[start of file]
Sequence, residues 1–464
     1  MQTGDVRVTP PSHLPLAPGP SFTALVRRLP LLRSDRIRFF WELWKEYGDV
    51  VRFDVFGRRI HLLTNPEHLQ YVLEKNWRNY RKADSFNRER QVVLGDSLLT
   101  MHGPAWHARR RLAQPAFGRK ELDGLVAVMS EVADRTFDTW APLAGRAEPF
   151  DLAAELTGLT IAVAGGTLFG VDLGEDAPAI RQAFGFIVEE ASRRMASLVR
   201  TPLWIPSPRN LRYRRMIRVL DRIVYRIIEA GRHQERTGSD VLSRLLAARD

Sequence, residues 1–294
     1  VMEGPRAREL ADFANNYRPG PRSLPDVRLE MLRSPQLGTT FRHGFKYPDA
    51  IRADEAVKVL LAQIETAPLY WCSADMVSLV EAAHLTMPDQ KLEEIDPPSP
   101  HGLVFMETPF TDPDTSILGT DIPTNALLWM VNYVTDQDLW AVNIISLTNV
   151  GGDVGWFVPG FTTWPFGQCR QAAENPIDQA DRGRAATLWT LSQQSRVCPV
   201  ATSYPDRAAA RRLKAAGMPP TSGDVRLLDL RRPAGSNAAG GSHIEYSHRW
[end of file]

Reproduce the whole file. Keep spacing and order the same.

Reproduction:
Sequence, residues 1–464
     1  MQTGDVRVTP PSHLPLAPGP SFTALVRRLP LLRSDRIRFF WELWKEYGDV
    51  VRFDVFGRRI HLLTNPEHLQ YVLEKNWRNY RKADSFNRER QVVLGDSLLT
   101  MHGPAWHARR RLAQPAFGRK ELDGLVAVMS EVADRTFDTW APLAGRAEPF
   151  DLAAELTGLT IAVAGGTLFG VDLGEDAPAI RQAFGFIVEE ASRRMASLVR
   201  TPLWIPSPRN LRYRRMIRVL DRIVYRIIEA GRHQERTGSD VLSRLLAARD

Sequence, residues 1–294
     1  VMEGPRAREL ADFANNYRPG PRSLPDVRLE MLRSPQLGTT FRHGFKYPDA
    51  IRADEAVKVL LAQIETAPLY WCSADMVSLV EAAHLTMPDQ KLEEIDPPSP
   101  HGLVFMETPF TDPDTSILGT DIPTNALLWM VNYVTDQDLW AVNIISLTNV
   151  GGDVGWFVPG FTTWPFGQCR QAAENPIDQA DRGRAATLWT LSQQSRVCPV
   201  ATSYPDRAAA RRLKAAGMPP TSGDVRLLDL RRPAGSNAAG GSHIEYSHRW